Oak Ridge National Laboratory denatured molten salt reactor (DMSR)[edit]

In 1980, the engineering technology division at Oak Ridge National Laboratory published a paper entitled “Conceptual Design Characteristics of a Denatured Molten-Salt Reactor with Once-Through Fueling.” In it, the authors “examine the conceptual feasibility of a molten-salt power reactor fueled with denatured uranium-235 (i.e. with low-enriched uranium) and operated with a minimum of chemical processing.” The main priority behind the design characteristics is proliferation resistance.[9] Lessons learned from past projects and research at ORNL were taken into strong consideration. Although the DMSR can theoretically be fueled partially by thorium or plutonium, fueling solely on low enriched uranium (LEU) helps maximize proliferation resistance.

Another important goal of the DMSR is to minimize R&D required and to maximize feasibility. The Generation IV international Forum (GIF) includes “salt processing” as a technology gap for molten salt reactors.[10] The DMSR requires minimal chemical processing because it is a burner design as opposed to a breeder. Both experimental reactors built at ORNL were burner designs. In addition, the choices to use graphite for neutron moderation, and enhanced Hastelloy-N for piping simplify the design and reduce R&D needed.

Russian MSR research program[edit]

In Russia, a molten-salt reactor research program was started in the second half of the 1970s at the Kurchatov Institute. It covered a wide range of theoretical and experimental studies, particularly the investigation of mechanical, corrosion and radiation properties of the molten salt container materials. The main findings of completed program supported the conclusion that there are no physical nor technological obstacles to the practical implementation of MSRs.[11] A reduction in activity occurred after 1986 due to the Chernobyl disaster, along with a general stagnation of nuclear power and nuclear industry.[12](p381)

Recent developments[edit]

Denatured molten salt reactor[edit]

Terrestrial Energy Inc. (TEI), a Canadian based company, is developing a DMSR design called the Integral Molten Salt Reactor (IMSR). The IMSR is designed to be deployable as a small modular reactor (SMR) and will be constructed in three power formulations ranging from 80 to 600 MWth. With high operating temperatures, the IMSR has application in industrial heat markets as well as traditional power markets. The main design features include neutron moderation from graphite (thermal spectrum), fueling with low-enriched uranium, and a compact and replaceable Core-unit. The latter feature permits the operational simplicity necessary for industrial deployment.[13]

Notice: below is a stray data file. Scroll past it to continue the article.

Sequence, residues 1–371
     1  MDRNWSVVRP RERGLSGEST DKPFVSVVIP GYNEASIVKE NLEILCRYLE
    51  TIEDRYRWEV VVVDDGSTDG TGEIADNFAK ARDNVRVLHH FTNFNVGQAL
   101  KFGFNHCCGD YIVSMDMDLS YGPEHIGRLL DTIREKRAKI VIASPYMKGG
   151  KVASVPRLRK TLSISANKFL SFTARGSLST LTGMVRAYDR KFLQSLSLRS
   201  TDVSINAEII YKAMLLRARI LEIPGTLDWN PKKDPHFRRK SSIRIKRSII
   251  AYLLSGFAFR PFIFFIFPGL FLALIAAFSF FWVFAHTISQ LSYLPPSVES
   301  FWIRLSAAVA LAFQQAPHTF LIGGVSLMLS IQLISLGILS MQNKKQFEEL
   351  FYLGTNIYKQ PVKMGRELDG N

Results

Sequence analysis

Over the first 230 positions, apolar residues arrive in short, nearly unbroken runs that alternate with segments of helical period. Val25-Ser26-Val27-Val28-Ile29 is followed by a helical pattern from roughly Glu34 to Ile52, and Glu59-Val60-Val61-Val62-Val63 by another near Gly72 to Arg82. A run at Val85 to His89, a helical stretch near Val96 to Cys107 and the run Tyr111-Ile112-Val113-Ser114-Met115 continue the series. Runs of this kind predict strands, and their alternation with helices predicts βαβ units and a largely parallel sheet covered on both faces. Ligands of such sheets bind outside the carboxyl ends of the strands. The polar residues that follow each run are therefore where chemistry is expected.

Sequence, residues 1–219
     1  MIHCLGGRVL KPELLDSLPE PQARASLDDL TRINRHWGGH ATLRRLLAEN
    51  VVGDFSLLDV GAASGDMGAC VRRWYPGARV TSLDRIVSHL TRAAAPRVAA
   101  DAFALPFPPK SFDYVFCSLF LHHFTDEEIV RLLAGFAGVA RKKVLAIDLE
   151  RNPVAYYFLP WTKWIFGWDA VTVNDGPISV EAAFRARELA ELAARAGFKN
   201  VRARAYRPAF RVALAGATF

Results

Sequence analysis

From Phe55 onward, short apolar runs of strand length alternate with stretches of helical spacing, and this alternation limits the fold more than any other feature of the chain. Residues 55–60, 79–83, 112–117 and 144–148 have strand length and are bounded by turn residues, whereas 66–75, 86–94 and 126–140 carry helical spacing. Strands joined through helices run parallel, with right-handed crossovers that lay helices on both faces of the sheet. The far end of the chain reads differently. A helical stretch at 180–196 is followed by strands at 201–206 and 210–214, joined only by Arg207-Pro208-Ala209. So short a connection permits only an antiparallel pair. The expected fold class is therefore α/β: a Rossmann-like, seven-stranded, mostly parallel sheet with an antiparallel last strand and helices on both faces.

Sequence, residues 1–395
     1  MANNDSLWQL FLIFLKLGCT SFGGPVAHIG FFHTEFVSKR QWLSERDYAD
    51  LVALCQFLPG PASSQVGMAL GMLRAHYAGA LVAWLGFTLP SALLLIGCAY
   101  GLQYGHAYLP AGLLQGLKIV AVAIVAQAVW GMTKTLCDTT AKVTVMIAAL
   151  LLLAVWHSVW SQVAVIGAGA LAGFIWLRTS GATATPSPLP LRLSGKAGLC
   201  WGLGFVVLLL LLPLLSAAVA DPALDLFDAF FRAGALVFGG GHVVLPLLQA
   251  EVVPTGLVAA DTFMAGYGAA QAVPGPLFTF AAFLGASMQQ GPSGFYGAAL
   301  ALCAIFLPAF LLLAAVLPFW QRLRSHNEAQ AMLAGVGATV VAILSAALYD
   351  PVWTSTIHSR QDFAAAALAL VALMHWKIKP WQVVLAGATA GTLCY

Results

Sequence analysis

Liquid-salt very-high-temperature reactor[edit]

As of September 2010, research was continuing for reactors that utilize molten salts for coolant. Both the traditional molten-salt reactor and the very high temperature reactor (VHTR) were selected as potential designs for study under the Generation Four Initiative (GEN-IV). A version of the VHTR being studied was the liquid-salt very-high-temperature reactor (LS-VHTR), also commonly called the advanced high-temperature reactor (AHTR).[citation needed] It is essentially a standard VHTR design that uses liquid salt as a coolant in the primary loop, rather than a single helium loop. It relies on "TRISO" fuel dispersed in graphite. Early AHTR research focused on graphite would be in the form of graphite rods that would be inserted in hexagonal moderating graphite blocks, but current studies focus primarily on pebble-type fuel.[citation needed] The LS-VHTR has many attractive features, including: the ability to work at very high temperatures (the boiling point of most molten salts being considered are >1400 °C); low-pressure cooling that can be used to more easily match hydrogen production facility conditions (most thermochemical cycles require temperatures in excess of 750 °C); better electric conversion efficiency than a helium-cooled VHTR operating at similar conditions; passive safety systems, and better retention of fission products in the event of an accident.[citation needed] This concept is now referred to as "fluoride salt-cooled high-temperature reactor" (FHR).[14]

Liquid fluoride thorium reactor[edit]

Reactors containing molten thorium salt, called liquid fluoride thorium reactors (LFTR), would tap the abundant energy source of the thorium fuel cycle. Private companies from Japan, Russia, Australia and the United States, and the Chinese government, have expressed interest in developing this technology.[15][16][17]

Advocates estimate that five hundred metric tons of thorium could supply all U.S. energy needs for one year.[18] The U.S. Geological Survey estimates that the largest known U.S. thorium deposit, the Lemhi Pass district on the Montana-Idaho border, contains thorium reserves of 64,000 metric tons of thorium.[19]

Fuji reactor[edit]

The FUJI MSR is a 100 to 200 MWe LFTR, using technology similar to the Oak Ridge National Laboratory Reactor. It is being developed by a consortium including members from Japan, the U.S. and Russia. It would likely take 20 years to develop a full size reactor[20] but the project seems to lack funding.[15]

Chinese project[edit]